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Slavonia Croatia: A Region That Does Not Get Enough Attention
Along with Dalmatia, Istria, and Inland Croatia, Slavonia is a region in Croatia. Situated in the far northeast of the country, this is Croatia’s least-visited part.
While Dalmatia and Istria get flooded with (summer) tourists, Slavonia remains virtually untouched by mass tourism. Yet, Slavonia is certainly a region that’s very much worth visiting, especially if you like off-the-beaten-path destinations.
The Slavonia region borders Bosnia-Herzegovina to the south, Serbia to the east and Hungary to the north. Its borders are roughly formed by three rivers—the Danube, Sava, and Drava Rivers. In addition to the valley landscapes along those major rivers, the region is also characterized by some small hills and expansive, fertile plains. Contrary to the mountain-dominated Croatian coast, most of the landscape of Slavonia is pancake-flat. Locals joke that the highest mountain in the region is a cabbage.
It’s the plains, home to fields and farms, which give the Slavonian region its nickname, the “breadbasket of Croatia.” No less than 45% of agricultural lands in Croatia lie in Slavonia, producing everything from corn, wheat, sugar beets, sunflowers and clover to natural gas and oil. This is a rural area, dotted with authentic towns and villages and a few larger historical cities.
History of Slavonia
Like basically all of the western Balkans, Slavonia has been part of many different foreign empires. From the Romans (until the 5th century) to the Ottomans to Austria-Hungary and part of Yugoslavia, it has known various cultural influences. This is actually exactly why this region is so culturally and architecturally diverse, why there are so many UNESCO World Heritage Sites in the Balkans.
Slavonia, too, has a number of interesting historic features, most notably the large Baroque and Classical houses in the Osijek area and once-mighty fortresses.
The current Slavonian culture is a mix of the different cultural and social influences it has experienced throughout the centuries. Particularly the Austro-Hungarian rule of Slavonia, which started in the late-17th century after the Ottomans were defeated, has strongly influenced the regional culture.
The most notable cultural feature in the region is the distinct Baroque art and architecture that began dominating Slavonian cities in the 1700s. Many nobles and aristocrats were given estates in the area as a reward for their service during the Great Turkish War. Several of these mansions and manors are still there today, a quintessential feature of Slavonia.
Several Slavonians have contributed to Croatia’s culture as a whole, including writers and poets, scientists, musicians, and artists.
Especially music is a significant aspect of the Slavonian culture. Annual folklore festivals aim to preserve the local culture and its traditional music. Originating in the region, the distinct musical form known as bećarac is designated Intangible Cultural Heritage by UNESCO.
Regarding cuisine, Slavonia offers a blend of culinary influences—Hungarian, Viennese, Turkish and even Arabian. Especially the Hungarian influence is strong. The Slavonian cuisine is characterized by the use of smoked meats, pickled vegetables, and dairy products. Additionally, this is one of Croatia’s major wine-making regions. The primary centers of wine production are Kutjevo, Đakovo, and Ilok, where grape vines are known to have been grown since as early as the 3rd century.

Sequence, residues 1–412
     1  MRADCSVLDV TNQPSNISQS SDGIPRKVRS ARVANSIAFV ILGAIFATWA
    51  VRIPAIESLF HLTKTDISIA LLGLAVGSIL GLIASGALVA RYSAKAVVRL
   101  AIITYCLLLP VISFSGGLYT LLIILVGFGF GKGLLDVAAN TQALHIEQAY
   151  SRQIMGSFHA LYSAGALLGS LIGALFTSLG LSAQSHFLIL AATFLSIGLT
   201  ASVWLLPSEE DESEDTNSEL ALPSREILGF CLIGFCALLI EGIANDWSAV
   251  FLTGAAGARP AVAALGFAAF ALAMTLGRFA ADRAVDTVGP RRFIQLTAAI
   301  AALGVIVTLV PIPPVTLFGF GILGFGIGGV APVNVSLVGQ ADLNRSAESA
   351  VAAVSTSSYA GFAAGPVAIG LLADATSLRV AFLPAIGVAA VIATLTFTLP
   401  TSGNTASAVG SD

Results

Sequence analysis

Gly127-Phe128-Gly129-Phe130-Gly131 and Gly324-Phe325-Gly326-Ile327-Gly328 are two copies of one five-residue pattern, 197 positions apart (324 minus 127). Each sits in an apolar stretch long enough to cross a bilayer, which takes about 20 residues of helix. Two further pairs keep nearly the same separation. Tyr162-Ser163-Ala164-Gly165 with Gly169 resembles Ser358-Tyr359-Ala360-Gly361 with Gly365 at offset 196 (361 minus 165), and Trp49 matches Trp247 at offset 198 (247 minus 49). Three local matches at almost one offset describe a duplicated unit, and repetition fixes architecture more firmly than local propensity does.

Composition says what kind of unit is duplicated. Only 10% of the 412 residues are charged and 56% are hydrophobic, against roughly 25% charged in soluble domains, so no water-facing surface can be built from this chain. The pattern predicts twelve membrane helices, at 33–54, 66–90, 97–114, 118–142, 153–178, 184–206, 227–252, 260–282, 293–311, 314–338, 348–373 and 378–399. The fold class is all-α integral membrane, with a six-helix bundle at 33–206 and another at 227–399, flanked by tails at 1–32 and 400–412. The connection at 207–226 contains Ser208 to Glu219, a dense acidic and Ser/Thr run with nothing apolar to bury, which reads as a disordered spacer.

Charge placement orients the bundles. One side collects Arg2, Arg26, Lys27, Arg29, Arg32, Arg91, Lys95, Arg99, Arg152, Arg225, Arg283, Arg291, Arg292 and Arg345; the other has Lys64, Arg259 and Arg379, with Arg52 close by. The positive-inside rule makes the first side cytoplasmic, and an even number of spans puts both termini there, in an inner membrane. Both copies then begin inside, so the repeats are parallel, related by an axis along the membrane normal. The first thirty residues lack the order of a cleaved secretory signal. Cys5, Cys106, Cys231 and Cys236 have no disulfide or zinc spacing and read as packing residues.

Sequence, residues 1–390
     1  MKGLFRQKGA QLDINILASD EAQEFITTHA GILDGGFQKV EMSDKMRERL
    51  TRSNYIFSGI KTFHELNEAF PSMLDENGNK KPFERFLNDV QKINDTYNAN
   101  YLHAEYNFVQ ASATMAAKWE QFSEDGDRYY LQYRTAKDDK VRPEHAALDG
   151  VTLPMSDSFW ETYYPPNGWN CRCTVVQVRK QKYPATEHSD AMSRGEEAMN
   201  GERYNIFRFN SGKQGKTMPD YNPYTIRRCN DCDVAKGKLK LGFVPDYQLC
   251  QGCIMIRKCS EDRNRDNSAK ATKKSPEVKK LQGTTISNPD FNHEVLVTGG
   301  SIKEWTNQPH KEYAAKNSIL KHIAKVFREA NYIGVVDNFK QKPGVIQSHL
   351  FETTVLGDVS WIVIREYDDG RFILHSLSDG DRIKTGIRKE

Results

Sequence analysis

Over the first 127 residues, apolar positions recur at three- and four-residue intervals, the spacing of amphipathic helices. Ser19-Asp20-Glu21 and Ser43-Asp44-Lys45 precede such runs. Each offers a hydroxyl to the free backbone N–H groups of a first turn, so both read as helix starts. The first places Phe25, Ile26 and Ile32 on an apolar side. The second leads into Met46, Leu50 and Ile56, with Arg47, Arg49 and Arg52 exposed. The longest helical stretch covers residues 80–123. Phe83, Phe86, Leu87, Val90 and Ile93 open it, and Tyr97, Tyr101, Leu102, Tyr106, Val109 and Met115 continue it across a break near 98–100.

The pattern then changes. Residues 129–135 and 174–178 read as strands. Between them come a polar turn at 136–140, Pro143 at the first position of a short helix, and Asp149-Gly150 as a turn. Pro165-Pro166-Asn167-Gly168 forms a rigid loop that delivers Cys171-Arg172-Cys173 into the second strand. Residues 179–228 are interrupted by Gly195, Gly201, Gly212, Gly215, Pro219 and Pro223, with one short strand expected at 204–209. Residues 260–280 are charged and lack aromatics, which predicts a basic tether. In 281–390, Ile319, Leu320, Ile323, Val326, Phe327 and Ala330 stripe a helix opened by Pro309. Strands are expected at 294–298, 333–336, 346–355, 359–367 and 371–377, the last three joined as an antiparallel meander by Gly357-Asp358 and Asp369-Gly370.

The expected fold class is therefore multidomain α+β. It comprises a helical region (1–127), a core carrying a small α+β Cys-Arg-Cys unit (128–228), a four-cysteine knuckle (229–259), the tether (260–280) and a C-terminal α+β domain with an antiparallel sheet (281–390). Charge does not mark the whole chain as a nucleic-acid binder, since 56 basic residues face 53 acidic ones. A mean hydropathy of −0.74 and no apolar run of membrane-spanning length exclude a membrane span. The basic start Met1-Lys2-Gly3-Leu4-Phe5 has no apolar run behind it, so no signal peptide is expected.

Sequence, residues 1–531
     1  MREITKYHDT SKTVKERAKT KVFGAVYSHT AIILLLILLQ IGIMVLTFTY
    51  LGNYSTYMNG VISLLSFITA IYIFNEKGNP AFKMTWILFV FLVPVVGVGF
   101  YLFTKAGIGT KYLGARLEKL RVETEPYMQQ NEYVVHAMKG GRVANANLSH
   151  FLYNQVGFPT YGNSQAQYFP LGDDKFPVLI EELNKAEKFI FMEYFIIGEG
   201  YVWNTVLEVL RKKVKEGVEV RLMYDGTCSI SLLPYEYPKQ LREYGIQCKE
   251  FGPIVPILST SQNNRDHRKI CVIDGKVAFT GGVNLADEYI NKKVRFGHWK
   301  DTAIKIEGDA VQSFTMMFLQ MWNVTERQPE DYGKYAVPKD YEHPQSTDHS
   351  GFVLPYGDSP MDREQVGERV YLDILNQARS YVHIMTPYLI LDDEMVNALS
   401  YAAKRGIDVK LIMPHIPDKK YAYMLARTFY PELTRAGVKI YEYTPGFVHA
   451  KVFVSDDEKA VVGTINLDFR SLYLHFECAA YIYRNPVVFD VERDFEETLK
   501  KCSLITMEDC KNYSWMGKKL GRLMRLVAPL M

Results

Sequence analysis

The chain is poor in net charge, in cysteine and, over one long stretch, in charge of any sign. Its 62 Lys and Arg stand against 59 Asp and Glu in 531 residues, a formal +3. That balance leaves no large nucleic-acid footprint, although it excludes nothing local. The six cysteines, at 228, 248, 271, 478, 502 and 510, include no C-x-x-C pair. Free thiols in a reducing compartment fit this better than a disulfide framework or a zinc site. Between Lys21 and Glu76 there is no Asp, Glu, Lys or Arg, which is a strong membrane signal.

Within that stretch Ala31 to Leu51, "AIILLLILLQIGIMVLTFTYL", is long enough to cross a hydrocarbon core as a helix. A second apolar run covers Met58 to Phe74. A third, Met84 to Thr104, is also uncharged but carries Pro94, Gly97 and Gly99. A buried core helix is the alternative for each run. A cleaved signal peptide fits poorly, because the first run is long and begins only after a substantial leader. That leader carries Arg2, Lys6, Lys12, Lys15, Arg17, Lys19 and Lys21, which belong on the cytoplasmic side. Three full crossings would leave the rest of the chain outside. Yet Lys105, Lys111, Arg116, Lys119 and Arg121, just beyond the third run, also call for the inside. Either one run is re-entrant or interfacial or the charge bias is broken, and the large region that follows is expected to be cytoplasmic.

Where to Go in Slavonia
Straddling the banks of the Drava River, Osijek is the capital of Slavonia. This vibrant city is a world away from the coastal cities in Croatia such as Split and Dubrovnik. This is because, once, it literally lay in another country – it belonged to the Austro-Hungarian empire.
Unfortunately, Osijek was one of the epicentres of the tragic “Homeland War” in the 1990s. You can still see bullet holes in many of the buildings’ façades. The war, however, is long over and Osijek is again the ever-vibrant city it’s always been.
Papuk Mountain is basically the only mountain in the Pozega Valley area. With its landscape of rivers, forests, lakes and slopes, this is a popular destination for hikers and nature lovers. It’s a reinvigorating area, not in the least because of its refreshing freshwater springs. Visitor facilities and mountain lodges are plentiful.
A floodplain between the Danube and Drava Rivers, Kopacki Rit Nature Reserve is one of Europe’s largest remaining wetlands and an important refuge for birds and other wildlife. Birds you can spot include common species such as cormorants, gulls, ducks, and herons but also rare ones such as white-tailed eagles, great white egrets, and black storks.
Situated on the northern slopes of Krndija Mountain in eastern Slavonia, Našice is a town renowned for its historic mansions and architecture. The greatest attractions in town are the two castles of the Pejačević family, which are set within gorgeous English-style gardens. Other highlights are the Gothic church and the library of the Franciscan monastery.
Croatian winemaking dates back almost 2,000 years. They clearly knew how to do it and, recently, the international wine industry has come to realize and appreciate that. Slavonia is home to some of Croatia’s greatest, award-winning wineries. Make sure to visit Kutjevo Vineyards, whose wine cellar, dating from 1232, is the oldest one in Croatia.
The main touristic feature in the town of Slavonski Brod is the monumental Brod Fortress. Built by the Austro-Hungarians as a stronghold to protect the empire against the Ottomans, this is one of Europe’s best-preserved fortresses. It’s also one of the largest fortresses on the military border of the former Austro-Hungarian Empire.